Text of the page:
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Thread: training new dog

  1. #1

    training new dog

    I have a new springer bitch which I bred from my own stock rytex and badgercourt all the bitches I have kept and trained for pheasant shooting have turned out good working dogs. I have never trained a dog for tracking deer. I have a six month old bitch never been in the house and ready to be trained for tracking deer anybody got any tips were to start maybe a advise on a book that I could by…..Alan

    I tried my lab bitch which i keep for bird shooting she was great pulled down a wounded roe by the neck and held it untill i got there.Lets hope she is not going to be had mouthed for the coming season when on the duck pond.
    Last edited by solo gun; 17-02-2011 at 07:28.

  2. #2

    training new dog

    Simplest books to follow are:
    Guy Wallace :Training Dogs for Woodland Stalking- Good no nonsense book
    Carolyn Krause:Try Tracking The Puppy Tracking Primer-bit American but useful
    John Jeanneney:Tracking dogs for finding Wounded deer-2nd edition better than first
    Niels Sondergaard.Working dogs for deer-Fantastic book very difficult to get hold of.
    PM me for prices
    www.muntjactrading.co.uk
    First three in stock but not on website yet

  3. #3
    Quote Originally Posted by Kit View Post
    Simplest books to follow are:
    Guy Wallace :Training Dogs for Woodland Stalking- Good no nonsense book
    Carolyn Krause:Try Tracking The Puppy Tracking Primer-bit American but useful
    John Jeanneney:Tracking dogs for finding Wounded deer-2nd edition better than first
    Niels Sondergaard.Working dogs for deer-Fantastic book very difficult to get hold of.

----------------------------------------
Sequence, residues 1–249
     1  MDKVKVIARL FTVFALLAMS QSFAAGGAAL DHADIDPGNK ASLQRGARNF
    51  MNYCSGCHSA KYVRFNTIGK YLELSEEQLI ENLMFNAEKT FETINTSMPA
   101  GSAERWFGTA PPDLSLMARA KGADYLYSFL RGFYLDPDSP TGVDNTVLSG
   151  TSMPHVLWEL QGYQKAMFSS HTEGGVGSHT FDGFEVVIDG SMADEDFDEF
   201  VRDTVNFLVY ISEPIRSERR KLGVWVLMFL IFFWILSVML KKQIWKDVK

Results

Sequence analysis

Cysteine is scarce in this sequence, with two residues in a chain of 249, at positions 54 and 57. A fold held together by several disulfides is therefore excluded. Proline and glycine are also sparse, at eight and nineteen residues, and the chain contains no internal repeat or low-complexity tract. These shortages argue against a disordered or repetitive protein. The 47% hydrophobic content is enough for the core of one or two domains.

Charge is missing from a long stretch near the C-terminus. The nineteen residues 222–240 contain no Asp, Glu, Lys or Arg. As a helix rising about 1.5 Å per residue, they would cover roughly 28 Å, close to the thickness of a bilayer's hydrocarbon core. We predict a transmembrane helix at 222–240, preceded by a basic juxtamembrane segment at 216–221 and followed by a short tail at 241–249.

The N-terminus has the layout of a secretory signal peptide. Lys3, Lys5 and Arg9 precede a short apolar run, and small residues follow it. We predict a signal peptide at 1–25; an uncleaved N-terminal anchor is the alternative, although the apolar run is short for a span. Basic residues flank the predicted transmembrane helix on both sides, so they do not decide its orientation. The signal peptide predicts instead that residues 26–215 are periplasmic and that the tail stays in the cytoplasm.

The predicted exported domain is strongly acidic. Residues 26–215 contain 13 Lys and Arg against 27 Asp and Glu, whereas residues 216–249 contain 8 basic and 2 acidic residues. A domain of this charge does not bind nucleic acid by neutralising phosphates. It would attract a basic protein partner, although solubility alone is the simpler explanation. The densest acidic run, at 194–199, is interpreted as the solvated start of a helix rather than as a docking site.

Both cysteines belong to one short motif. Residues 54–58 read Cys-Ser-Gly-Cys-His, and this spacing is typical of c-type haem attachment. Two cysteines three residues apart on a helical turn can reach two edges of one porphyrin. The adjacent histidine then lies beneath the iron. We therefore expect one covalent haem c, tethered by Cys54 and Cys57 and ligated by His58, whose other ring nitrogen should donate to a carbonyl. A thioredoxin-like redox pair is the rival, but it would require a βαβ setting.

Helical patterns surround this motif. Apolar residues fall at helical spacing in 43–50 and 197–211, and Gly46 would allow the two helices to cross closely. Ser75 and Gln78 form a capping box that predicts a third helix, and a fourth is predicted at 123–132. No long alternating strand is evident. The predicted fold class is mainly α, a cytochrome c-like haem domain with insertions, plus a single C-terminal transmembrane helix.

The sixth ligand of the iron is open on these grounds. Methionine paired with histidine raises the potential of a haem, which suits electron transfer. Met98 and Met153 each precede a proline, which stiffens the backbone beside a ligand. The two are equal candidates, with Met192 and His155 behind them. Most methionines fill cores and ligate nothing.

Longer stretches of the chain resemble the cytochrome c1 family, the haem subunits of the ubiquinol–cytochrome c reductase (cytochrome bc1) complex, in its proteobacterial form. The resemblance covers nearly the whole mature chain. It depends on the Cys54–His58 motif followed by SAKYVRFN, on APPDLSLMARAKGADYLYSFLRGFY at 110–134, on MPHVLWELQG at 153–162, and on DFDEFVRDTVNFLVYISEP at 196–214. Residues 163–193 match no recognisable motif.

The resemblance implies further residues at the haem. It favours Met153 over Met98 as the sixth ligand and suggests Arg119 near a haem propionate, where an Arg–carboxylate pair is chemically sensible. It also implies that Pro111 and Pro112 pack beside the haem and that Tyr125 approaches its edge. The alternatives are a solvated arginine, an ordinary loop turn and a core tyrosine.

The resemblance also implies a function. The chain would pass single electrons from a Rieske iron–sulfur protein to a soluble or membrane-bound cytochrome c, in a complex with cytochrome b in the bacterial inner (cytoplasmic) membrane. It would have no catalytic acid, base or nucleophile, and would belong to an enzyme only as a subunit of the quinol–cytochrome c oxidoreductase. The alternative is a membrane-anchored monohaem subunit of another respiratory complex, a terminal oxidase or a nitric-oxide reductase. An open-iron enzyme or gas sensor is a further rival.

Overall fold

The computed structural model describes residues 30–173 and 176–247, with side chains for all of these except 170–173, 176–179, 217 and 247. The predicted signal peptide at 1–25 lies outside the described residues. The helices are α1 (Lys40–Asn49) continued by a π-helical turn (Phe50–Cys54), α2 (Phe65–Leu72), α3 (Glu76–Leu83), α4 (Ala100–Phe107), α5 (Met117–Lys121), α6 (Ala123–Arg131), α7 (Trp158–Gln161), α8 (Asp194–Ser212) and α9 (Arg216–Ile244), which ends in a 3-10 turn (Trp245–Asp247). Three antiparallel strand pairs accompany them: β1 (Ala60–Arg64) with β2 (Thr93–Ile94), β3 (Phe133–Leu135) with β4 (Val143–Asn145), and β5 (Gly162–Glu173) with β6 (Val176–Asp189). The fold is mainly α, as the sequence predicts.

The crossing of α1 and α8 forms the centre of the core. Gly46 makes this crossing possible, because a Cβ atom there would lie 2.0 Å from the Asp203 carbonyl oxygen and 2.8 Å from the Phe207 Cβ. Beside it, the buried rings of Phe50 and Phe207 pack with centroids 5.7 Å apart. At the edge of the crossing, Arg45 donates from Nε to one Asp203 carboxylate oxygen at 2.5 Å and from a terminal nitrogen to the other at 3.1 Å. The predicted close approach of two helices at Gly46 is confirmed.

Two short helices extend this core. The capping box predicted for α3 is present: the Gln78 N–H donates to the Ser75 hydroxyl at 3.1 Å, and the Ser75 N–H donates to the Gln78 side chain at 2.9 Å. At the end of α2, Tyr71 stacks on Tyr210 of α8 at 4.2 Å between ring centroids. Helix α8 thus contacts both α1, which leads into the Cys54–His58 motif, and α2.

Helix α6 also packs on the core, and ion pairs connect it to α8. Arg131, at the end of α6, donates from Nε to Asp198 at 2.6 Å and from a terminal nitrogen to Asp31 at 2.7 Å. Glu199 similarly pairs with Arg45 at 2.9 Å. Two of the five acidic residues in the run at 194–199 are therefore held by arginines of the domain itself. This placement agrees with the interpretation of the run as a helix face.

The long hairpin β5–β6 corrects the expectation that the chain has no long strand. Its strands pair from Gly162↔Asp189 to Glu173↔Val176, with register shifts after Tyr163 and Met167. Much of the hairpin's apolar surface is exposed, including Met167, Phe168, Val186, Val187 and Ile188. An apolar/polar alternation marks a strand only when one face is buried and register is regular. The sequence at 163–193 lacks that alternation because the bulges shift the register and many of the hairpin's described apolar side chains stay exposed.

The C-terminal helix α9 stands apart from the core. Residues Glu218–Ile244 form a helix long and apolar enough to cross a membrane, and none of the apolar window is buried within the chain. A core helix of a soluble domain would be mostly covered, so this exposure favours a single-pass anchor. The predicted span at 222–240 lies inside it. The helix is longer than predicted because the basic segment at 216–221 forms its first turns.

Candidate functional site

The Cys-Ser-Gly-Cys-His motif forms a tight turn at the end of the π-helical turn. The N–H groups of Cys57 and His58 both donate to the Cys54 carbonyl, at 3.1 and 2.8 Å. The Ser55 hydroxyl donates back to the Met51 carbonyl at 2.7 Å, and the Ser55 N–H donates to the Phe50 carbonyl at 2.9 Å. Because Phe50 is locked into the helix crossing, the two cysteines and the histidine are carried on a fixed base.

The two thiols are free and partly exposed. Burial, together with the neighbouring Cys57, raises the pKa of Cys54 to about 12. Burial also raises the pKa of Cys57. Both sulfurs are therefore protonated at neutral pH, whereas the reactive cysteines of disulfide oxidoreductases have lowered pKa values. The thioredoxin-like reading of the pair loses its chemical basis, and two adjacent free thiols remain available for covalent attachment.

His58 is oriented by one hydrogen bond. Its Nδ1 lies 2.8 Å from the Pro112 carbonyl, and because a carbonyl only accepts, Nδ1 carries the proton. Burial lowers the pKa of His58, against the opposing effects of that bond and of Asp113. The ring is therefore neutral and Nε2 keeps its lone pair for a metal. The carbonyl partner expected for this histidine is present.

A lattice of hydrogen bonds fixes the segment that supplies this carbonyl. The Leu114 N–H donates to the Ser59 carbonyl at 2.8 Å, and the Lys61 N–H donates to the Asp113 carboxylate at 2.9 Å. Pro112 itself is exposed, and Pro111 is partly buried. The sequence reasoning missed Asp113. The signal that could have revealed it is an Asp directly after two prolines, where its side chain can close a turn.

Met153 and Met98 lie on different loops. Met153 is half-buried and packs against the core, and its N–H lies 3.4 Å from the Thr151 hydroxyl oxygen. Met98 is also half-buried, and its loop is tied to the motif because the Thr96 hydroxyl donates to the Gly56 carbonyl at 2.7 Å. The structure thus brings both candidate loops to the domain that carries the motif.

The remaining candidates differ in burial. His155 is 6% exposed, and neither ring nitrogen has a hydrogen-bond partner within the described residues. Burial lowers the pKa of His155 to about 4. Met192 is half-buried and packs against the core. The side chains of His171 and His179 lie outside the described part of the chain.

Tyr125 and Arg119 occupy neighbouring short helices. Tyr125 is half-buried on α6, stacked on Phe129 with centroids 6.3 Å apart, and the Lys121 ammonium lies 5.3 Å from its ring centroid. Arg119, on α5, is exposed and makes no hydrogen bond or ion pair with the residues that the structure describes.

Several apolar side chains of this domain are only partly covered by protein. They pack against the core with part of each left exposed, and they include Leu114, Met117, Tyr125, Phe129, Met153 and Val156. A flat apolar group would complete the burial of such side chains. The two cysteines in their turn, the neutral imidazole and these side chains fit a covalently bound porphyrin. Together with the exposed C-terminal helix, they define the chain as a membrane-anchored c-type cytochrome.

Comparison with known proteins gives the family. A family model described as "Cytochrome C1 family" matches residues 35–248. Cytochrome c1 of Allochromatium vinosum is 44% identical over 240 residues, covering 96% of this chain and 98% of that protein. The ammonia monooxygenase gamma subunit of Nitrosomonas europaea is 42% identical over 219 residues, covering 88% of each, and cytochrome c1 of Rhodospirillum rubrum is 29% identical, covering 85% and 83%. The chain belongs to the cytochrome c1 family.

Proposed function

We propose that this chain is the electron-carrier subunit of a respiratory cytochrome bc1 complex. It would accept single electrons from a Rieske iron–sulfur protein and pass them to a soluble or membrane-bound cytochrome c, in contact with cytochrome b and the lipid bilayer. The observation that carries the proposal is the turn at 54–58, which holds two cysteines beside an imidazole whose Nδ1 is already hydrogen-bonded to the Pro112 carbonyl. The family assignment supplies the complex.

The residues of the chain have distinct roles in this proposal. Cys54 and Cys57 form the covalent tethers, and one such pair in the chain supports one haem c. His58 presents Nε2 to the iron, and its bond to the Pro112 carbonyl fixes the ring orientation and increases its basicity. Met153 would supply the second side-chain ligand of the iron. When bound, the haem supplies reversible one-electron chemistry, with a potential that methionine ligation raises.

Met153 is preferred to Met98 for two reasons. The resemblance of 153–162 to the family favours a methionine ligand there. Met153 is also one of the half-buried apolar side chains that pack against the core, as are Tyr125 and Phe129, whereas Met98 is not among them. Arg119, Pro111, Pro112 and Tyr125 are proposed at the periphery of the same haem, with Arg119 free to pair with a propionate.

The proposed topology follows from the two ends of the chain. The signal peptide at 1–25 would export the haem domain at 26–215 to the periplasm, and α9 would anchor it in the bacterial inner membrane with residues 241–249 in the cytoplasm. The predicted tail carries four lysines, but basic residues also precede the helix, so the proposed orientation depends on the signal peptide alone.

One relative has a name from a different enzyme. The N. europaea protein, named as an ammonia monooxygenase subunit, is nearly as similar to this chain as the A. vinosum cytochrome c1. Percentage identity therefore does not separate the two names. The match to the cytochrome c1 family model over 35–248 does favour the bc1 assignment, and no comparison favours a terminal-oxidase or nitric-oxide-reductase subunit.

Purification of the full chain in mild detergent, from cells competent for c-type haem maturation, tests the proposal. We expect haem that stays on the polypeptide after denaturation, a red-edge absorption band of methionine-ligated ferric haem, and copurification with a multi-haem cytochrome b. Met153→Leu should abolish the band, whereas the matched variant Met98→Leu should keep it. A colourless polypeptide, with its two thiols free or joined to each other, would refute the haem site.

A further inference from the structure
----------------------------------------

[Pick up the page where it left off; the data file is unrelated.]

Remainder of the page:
PM me for prices
    www.muntjactrading.co.uk
    First three in stock but not on website yet
    with out offending Kit
    none of these books will actually help you that much
    as none of the books in question are based upon using spaniels for deer work...
    but if I was to choose one that may give you an insight and some guidance then it would be John Jeanneney's book
    good read and some vital insight on setting blood trails that will help
    Just training spaniels requires a different approach and it takes a crap working pup to make a good deer dog from the start
    but it takes a good experienced rough shooting dog that has had the number of birds/rabbits shot over it to make the exchange to deer work in it's stride
    there are the few exceptions but not that many
    all working dogs will normally find deer but may not in the way you require
    If the pup you hav is a good linage and you feel will make a good bird dog, then train it for that first
    when about 3-4 years old and you feel this dog is a cracker especialy on runners
    then start the conversion to deer because it should be mature enough to cope and have the ability and dedication to follow a blood trail for miles
    but they are not perfect
    just go steady
    ATB

  4. #4
    Stone is spot on,better to get a dog more suited for deer work.Spaniels are kings of hunting not heel work and sitting still for extended periods,any dog will follow a trail if trained to but spaniels can be a handful for deer work,my first one used to bay along a deer trail,they are brill dogs but better wi a lab or pointer
    Stones advice on bringing on a spaniel is very good also,they are essentially birdy dogs,horses for courses
    best of luck

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  5. #5
    Ive recently invested in a gwp because by working lab is superb at tracking a deer but doesnt have the cahoonies to hold one.
    We train any aggressiveness out of a working dog which is needed in a deer dog IMO.
    Different dogs for different work
    Below is a link to my website.
    Quad sticks

  6. #6
    Quote Originally Posted by limulus View Post
    Ive recently invested in a gwp because by working lab is superb at tracking a deer but doesnt have the cahoonies to hold one.
    We train any aggressiveness out of a working dog which is needed in a deer dog IMO.
    Different dogs for different work